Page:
Don Barton’s family has been farming walnuts in the San Joaquin Valley for four generations. In 1912, his great grandfather, P.F. Barton, rode a boxcar west from Illinois and settled in Oakdale, California to grow prunes and walnuts on what became the Barton Ranch. Almost 100 years later, the walnuts are still growing in Oakdale, and his descendants have grown the family business to include processing, packaging, and shipping walnuts all around the world.

Don had left the ranch and moved to the East Coast after getting his MBA in Agribusiness, leaving his brothers, Brent and Gary, to manage the business. In 2002, Brent was approached by a neighbor who wanted the Bartons to take over his walnut shelling and packaging operation. Until then, the family had been involved only in the growing and harvesting of walnuts, but not processing. It was a logical step, but also a big one. Still, Don agreed when Brent suggested he come back to California and run the new arm of the family business, GoldRiver Orchards.

Securing Loans and Planning for the Future

While most of the funding for the new venture came from internal sources, the company did need to seek funding to purchase some new equipment. To write the plan the bank required for the loan, Don bought his first copy of Business Plan Pro. “It provided an excellent template to allow us to think critically about the business–not just in terms of the financial forecast, but also in terms of our intended markets, our competitive set, and how we would build a brand.” The business plan Don created using Business Plan Pro was presented to the bank and secured the loan in excess of $1 million. And business has been even better than he had planned. “I’m happy to report that our initial assumptions were conservative, but we never underestimate the value of planning.”

Don recently upgraded to Business Plan Pro Version 11. “We plan to build a new processing plant in time for the 2013 crop. As we begin the planning for the land purchase and build-out of the new facility, I thought it would be important to update our business plan with an eye on the new facility and its implications–both financially and in terms of sales volume–to our existing business.”

He quotes Dwight Eisenhower, when he says, ” ‘Those who fail to plan, plan to fail.’ We at GoldRiver Orchards could not agree more.”

There were a couple of challenges that came with writing the original plan for GoldRiver Orchards. One was figuring out how to incorporate “a long-established business culture on the ranch into the brand-new–and just evolving–business culture of GoldRiver Orchards. A second challenge was to cast our vision over the upcoming five-year period and try to envision where GoldRiver would be by the end of that five years. Many of the goals set in that plan have not only been achieved, but exceeded. Other goals have been set aside owing to the changing marketplace.”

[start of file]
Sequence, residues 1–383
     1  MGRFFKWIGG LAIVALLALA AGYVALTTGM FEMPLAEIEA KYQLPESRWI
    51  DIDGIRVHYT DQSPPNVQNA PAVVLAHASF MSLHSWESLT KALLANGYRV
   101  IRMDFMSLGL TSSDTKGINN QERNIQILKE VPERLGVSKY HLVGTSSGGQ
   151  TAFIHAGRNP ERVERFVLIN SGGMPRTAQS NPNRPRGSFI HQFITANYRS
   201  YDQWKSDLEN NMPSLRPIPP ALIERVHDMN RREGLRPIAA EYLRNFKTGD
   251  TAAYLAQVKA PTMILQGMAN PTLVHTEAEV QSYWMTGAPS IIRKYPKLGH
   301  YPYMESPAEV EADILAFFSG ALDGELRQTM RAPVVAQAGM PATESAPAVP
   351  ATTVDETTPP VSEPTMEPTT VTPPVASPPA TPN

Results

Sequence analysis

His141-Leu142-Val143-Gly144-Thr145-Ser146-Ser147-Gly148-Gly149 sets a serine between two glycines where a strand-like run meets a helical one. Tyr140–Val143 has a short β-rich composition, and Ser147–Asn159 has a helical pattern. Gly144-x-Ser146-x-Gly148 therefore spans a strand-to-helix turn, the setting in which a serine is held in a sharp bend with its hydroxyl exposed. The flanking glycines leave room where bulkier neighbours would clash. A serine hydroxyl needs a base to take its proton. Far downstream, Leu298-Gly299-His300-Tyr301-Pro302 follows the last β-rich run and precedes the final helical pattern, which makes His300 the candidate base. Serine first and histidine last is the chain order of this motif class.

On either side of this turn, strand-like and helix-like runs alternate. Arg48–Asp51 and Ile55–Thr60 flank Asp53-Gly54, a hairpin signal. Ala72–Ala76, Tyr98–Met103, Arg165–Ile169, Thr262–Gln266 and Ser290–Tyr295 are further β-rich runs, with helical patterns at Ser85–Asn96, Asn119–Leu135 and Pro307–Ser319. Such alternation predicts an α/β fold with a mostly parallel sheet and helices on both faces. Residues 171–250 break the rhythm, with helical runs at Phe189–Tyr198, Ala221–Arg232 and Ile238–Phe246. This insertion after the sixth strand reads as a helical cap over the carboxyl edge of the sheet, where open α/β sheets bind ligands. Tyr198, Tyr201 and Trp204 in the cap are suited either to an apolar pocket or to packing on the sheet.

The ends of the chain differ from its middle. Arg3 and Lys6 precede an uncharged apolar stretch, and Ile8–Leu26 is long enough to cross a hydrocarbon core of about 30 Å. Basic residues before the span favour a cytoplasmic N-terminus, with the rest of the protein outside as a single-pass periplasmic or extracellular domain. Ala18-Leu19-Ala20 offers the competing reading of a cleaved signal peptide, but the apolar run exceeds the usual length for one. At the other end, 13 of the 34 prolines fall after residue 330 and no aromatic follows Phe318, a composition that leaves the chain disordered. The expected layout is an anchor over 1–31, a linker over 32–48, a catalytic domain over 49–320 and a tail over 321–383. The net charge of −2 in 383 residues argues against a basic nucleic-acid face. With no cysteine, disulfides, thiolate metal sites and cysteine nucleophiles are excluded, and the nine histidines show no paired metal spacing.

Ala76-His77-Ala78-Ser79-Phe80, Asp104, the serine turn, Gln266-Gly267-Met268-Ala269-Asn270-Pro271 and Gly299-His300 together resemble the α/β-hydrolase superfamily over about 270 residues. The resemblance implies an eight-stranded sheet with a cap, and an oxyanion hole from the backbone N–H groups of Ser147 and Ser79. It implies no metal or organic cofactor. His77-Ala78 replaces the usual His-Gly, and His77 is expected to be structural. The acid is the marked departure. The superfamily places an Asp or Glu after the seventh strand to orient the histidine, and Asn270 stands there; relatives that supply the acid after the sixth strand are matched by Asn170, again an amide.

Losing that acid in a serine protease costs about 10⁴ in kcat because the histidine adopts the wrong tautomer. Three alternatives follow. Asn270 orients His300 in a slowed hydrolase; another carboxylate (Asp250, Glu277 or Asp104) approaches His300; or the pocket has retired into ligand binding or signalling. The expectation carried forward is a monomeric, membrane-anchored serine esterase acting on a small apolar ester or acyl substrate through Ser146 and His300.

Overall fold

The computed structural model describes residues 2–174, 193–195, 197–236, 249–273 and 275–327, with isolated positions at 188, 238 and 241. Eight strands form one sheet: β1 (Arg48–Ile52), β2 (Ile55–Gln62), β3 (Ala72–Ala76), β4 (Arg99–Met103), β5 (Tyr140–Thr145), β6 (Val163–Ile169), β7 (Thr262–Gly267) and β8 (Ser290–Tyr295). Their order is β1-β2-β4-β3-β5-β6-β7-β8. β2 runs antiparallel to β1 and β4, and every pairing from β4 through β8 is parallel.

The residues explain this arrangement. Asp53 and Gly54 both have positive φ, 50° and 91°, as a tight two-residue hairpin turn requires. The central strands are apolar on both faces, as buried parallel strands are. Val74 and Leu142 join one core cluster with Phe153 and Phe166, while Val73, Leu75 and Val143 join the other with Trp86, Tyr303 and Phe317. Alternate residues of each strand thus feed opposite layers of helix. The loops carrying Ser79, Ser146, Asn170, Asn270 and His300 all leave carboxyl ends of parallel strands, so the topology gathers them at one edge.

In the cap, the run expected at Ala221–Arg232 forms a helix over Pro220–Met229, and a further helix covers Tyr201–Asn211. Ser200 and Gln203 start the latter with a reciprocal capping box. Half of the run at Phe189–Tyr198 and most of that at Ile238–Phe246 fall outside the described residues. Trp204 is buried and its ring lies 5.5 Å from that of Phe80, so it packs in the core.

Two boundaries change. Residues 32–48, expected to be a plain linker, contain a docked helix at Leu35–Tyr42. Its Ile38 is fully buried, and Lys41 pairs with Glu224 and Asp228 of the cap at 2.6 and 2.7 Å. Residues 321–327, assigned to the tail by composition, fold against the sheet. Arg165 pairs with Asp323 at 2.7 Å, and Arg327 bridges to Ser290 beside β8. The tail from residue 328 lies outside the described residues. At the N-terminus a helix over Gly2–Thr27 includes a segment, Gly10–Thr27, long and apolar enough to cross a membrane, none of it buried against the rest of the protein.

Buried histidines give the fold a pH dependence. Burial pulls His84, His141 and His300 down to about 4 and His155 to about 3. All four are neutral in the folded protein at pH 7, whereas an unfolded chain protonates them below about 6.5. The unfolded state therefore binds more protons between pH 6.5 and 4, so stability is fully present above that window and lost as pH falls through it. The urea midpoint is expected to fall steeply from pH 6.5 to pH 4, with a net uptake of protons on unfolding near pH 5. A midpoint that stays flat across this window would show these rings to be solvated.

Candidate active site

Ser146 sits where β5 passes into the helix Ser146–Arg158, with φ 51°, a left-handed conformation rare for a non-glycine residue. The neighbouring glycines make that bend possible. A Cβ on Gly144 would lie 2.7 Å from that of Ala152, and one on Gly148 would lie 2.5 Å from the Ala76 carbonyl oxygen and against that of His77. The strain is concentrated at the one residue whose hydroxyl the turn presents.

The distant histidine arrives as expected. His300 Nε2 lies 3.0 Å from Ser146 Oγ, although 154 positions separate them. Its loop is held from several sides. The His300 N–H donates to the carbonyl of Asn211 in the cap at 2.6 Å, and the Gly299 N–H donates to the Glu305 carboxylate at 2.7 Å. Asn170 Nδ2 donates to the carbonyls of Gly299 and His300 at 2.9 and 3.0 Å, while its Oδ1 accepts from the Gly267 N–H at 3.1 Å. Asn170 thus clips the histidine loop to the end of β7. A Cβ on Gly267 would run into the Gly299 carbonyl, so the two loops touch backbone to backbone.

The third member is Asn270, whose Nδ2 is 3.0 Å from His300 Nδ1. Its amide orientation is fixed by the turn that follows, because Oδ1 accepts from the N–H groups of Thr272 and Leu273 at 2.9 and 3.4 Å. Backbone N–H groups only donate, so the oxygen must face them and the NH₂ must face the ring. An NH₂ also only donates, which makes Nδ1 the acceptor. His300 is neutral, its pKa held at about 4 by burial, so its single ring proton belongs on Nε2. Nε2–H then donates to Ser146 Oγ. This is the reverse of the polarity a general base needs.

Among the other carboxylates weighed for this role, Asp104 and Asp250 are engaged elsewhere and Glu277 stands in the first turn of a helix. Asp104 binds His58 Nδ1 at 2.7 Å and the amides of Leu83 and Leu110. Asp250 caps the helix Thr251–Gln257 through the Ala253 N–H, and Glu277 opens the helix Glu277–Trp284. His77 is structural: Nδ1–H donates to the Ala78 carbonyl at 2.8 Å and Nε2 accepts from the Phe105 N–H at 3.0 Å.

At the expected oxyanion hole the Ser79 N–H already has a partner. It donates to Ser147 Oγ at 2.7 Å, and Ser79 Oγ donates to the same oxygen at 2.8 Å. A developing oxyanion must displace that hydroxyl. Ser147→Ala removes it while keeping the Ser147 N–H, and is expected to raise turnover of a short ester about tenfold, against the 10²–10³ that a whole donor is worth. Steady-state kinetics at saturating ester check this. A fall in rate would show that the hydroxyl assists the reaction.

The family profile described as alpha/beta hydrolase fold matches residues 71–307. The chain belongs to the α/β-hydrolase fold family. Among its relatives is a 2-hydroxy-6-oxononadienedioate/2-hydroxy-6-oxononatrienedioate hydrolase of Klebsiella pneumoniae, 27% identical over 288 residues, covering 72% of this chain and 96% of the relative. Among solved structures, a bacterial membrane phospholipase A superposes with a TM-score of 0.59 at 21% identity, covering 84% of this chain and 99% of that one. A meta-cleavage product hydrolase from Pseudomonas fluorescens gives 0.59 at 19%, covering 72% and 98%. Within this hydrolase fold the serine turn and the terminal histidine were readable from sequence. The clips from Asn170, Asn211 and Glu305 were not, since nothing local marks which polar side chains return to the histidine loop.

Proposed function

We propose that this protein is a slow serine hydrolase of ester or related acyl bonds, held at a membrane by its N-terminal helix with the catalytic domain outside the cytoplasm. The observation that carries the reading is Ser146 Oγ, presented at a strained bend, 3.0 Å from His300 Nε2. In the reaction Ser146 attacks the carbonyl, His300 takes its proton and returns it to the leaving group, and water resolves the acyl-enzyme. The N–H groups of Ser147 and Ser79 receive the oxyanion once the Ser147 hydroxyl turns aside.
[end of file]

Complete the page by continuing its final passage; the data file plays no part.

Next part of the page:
Meanwhile, Back at the Ranch

In the years Don was away from Barton Ranch, he worked in marketing at several large companies, including Ocean Spray Cranberries, Inc. and The H.J. Heinz Corporation. He finds many benefits to working for himself. “You’re learning from your own mistakes and seeing a direct correlation to the cost of those mistakes. You set your own work schedule and work hours. You are able to establish the tone and culture of your organization, and pass those values along to your employees.”

Those values run unusually deep at GoldRiver Orchards, when you consider that it is located right next door to the ranch that has been home to much of Don’s family. Recently Don’s son Josh joined his uncles, Gary and Brent, on the management team at Barton Ranch, making him the fifth generation involved in running that side of the business. Among the mementos of family that can still be found on the ranch is the small house that Don’s father was raised in. “It has housed at least three different families of Bartons throughout its history and is a living testament to the family’s roots on this land and our heritage as farmers.” One of the largest walnut trees in the country can also be found on the ranch. It’s the sole survivor of the original walnut crop P.F. Barton planted. “It’s healthy, thriving, and still productive after all of these years. And, as you might imagine, it gets a lot of tender loving care and personal attention from our family members.”

In his final comments, you get the sense that the spirit of P.F. Barton is alive and well at GoldRiver Orchards, and in Don Barton. Talking about the rewards of entrepreneurship, he says, “Best of all, you have the unique opportunity of being a pioneer–of building something that you hope and expect your grandchildren and great grandchildren will someday be a part of.”